Hands down, the hardest thing about being a single mom is leaving my girls on a somewhat regular basis. I have to get in my car and drive away from them. With an empty heart and empty car seats in the back. It hurts. Bad. Every single time.
For a while, I tried to distract myself on the drive home. You can read about my “99 problems” theory here. It works for the most part, but it didn’t help all the time.
I would tell myself that God was there, dutifully watching over them. They are, after all, His precious daughters too. There wasn’t anything that God wasn’t in control of. That was comforting and helped. But it couldn’t quell the knot in my stomach.
Then, one afternoon, it hit me. A very tangible solution.
You see, from an early age, I was reminded regularly that Jesus was always watching me. No matter what I was doing, according to my parents and Sunday School teachers, Jesus was always there. And instead of accepting it as a loving sentiment, it just plain freaked me out. I didn’t like that at all. Just another set of eyes to stare at me while I slept, along with the puppets and dolls in my room.
My little mind deduced that this Jesus MUST be hiding in my closet; since there was nowhere else a grown man in a flowing white robe could possibly fit in my little bedroom. I’d insist that my mother close the closet door promptly upon tucking me in. That way, I could sleep in peace without those eyes ALWAYS WATCHING.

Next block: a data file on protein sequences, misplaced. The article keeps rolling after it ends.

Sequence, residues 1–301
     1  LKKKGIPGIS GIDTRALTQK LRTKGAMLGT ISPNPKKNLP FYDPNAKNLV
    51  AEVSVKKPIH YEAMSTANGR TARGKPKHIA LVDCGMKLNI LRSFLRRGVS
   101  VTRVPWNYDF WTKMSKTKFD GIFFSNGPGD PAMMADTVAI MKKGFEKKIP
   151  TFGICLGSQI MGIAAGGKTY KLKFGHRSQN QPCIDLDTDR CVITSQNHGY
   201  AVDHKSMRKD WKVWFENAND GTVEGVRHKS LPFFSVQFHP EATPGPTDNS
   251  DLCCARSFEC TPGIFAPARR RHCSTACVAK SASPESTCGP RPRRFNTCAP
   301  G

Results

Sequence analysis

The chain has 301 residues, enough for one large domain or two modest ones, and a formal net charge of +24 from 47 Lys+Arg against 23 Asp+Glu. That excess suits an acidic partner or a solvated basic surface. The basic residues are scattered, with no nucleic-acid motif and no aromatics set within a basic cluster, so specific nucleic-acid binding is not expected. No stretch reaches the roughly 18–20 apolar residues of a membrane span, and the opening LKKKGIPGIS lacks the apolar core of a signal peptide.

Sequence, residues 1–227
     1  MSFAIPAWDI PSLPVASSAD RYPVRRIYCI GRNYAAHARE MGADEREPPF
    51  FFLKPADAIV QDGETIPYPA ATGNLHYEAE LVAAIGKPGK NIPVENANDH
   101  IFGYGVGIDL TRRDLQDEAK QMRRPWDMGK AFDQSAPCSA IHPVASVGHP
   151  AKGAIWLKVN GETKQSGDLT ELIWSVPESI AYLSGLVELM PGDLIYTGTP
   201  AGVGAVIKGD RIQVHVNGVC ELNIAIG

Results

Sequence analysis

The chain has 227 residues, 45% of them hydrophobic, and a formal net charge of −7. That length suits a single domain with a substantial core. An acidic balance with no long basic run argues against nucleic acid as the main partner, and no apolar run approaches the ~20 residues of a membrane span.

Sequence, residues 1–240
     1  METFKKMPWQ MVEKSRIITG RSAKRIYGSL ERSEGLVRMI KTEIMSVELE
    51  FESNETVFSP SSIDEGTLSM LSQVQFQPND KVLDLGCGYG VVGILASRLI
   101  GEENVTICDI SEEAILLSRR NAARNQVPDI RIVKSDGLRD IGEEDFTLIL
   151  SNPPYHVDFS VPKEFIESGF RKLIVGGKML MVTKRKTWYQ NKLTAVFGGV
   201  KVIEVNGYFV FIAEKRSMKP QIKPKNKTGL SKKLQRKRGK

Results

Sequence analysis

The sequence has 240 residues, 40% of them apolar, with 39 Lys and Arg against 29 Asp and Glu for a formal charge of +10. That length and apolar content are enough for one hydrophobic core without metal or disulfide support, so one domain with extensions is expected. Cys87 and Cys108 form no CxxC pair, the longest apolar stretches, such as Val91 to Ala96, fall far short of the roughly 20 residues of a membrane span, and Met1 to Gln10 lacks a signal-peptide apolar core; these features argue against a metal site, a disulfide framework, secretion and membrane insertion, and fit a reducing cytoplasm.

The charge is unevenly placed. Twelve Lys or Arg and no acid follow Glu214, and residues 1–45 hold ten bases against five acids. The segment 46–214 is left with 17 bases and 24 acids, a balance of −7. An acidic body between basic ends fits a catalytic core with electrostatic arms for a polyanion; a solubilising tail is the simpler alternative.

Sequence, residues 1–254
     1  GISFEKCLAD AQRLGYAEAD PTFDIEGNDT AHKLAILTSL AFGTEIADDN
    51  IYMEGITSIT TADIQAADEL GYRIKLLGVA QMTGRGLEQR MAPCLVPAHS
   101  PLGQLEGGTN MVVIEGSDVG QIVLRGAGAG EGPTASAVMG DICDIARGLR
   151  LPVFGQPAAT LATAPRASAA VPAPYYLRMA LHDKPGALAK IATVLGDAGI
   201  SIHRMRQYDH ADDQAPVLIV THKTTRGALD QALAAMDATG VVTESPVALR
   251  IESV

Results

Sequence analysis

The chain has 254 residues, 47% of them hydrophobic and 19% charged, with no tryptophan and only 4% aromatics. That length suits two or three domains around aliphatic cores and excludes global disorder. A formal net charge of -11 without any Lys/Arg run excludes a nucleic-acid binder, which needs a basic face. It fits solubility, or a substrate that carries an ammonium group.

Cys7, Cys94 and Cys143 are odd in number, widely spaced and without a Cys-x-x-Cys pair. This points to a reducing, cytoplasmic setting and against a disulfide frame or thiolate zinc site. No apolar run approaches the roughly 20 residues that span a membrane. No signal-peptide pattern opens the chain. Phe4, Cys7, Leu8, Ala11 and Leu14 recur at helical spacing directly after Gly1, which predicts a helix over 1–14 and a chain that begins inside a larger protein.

What I imagined as a child wasn’t the typical imagery of Michelangelo’s Pieta. My Cartoon Jesus was way more brawny and way less bony. He was a larger than life super hero. You didn’t mess with Cartoon Jesus. He was enormous. Draped upon his broad and sturdy shoulders was a flowing white robe—his enormous feet always sporting massive leather mandals. He was intimidating. It wasn’t until I truly believed that he was there to protect me and not get me, that I could tolerate the idea of Cartoon Jesus following me around all day. Only then did I picture his huge, capable, loving, hands and warm, friendly smile.
As I’ve grown up, my mental picture of God has shifted away from that of a cartoon super hero. It’s to be expected as I’ve learned more about faith and life and love. But I’ve realized that there is a lot to be said for the Cartoon Jesus of my youth. So maybe I’m not with my girls all the time. Whether they are at daycare or with their dad—no doubt Cartoon Jesus is there. Protecting them. Watching over them. Loving them.
And when I’m able to picture it that way, the knot in my stomach subsides. Just like that.
These days, I think of Cartoon Jesus often—like when there has been an uncomfortable exchange with you-know-who. I imagine answering the door with the 8-foot-tall, mega-savior behind me. Who’s gonna mess with me then? There’s nothing I can’t face with him in my corner. When I’m lonely or just plain sad—I imagine Him right there with me, protecting me, watching me, loving me.
Except now, at night, there is no closet door to shut and nowhere to hide. And I wouldn’t have it any other way.